As the novel opens, we hear Ari speaking to himself:

“The problem of my life was that it was someone else’s idea.” Everything that follows , everything that happens to him and what he does seems to be “someone else’s idea” until he meets Dante, and everything changes. The two boys seek out and at the end discover, together, The Secrets of the Universe.  I give this book a rating of ten out of ten, and recommend it to all ages who appreciate beautiful writing and a darned good story.

THE INVISIBLE LIBRARY: A Review

This 2016 publication by Genevieve Cogman is a fantasy novel, the first in a series. It has been called, “… a stunning work of art that has me absolutely begging for more…” by The Fantasy Book Reviewer. I have to agree that it left me begging for more, and I have already ordered the second book which came out in September.  I cared about the characters and would certainly like to continue following them and their adventures/misadventures.

Irene, one of the protagonists, is the daughter of Librarians and a “professional spy for the mysterious Library”, which is an organization that collects important works of fiction from all the different realities. 

Kai is Irene’s assistant, and the mystery as to his secret/identity left me reeling as I read.

The two are assigned to an “alternate London,” whose world is “chaos infected”–meaning the laws of nature are bent by “supernatural creatures and unpredictable magic.” Irene and Kai are sent to retrieve a special book, but when arrive, they discover it has already been stolen.  Mystery upon mystery and calamity upon calamity occur, including mechanical, giant alligators and the sticky business (literally) of a massive silverfish invasion which starts underfoot and climbs the walls and anything (including Irene and Kai) that gets in its way.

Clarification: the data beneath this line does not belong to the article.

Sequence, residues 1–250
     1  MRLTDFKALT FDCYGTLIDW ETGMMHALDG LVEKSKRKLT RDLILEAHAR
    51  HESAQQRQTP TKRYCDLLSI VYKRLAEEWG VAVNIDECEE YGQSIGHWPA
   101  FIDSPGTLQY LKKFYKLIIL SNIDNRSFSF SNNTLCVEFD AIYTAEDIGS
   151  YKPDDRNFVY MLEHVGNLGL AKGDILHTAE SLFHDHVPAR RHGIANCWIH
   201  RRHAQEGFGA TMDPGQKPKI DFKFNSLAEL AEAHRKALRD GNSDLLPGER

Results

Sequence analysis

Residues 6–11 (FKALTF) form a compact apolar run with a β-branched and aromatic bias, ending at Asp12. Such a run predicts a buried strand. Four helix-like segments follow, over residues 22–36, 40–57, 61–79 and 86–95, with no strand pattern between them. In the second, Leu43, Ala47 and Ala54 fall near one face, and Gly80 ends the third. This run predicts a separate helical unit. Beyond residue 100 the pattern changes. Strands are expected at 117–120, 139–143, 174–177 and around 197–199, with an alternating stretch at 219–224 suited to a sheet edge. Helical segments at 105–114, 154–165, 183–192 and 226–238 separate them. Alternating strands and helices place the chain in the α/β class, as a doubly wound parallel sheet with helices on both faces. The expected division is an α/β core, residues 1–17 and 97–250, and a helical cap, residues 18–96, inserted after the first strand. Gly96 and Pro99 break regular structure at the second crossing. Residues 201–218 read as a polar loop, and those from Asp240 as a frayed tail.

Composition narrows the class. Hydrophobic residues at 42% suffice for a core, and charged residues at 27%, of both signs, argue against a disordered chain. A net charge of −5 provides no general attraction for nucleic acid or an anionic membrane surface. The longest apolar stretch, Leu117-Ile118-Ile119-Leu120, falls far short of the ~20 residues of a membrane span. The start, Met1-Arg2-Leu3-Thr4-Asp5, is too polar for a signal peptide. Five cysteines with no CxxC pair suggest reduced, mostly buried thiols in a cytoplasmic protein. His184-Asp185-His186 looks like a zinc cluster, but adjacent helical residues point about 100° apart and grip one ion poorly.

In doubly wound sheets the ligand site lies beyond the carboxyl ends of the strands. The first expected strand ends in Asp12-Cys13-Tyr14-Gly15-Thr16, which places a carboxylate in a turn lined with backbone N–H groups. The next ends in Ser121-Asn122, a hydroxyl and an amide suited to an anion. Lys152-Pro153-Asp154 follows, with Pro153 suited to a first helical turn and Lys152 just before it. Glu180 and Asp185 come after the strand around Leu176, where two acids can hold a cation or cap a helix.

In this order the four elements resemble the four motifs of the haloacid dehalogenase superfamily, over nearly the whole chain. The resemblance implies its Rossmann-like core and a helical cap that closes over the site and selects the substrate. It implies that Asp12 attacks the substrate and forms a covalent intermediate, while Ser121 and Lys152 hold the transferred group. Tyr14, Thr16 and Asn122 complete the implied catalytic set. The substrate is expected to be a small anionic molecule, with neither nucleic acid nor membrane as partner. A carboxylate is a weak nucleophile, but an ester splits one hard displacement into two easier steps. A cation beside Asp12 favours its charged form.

Beset by “sinister secret societies,” the pair learns more about their alternate world, the motivation and politics behind their mission, and each other.

This is a perfect opportunity to get in at the ground floor of an exciting, spectacular series.

TUESDAY TEASER

Having discovered on Brainfluff, an excellent blog, this meme hosted by The Purple Booker, I am putting forth my Tuesday Teaser for this week.

Instructions were to choose a random sentence or two and type them hoping to tease others into reading the same book you are reading. Add yours here after mine by hitting Leave a Reply:

This teaser is from Aristotle and Dante Discover the Secrets of the Universe, a YA novel.  I am at the end of Chapter Eleven where Dante and Ari fifteen year old friends are about to part ways for a year because Dante’s professor father has taken a temporary position at another university.

“Dante hugged me.

I hugged him back.

‘See you in a few months,’ he said.

‘Yeah,’ I said.

‘I’ll write,’ he said.

I knew he would.

I wasn’t sure I’d write back.”

The book starts a whole new section after this as the two friends ponder the secrets of Life and the Universe-two boys so alike and so different all at the same time.  This is a magnificently written novel with mystery, friendship and family relationships, and excellent dialogue employed well.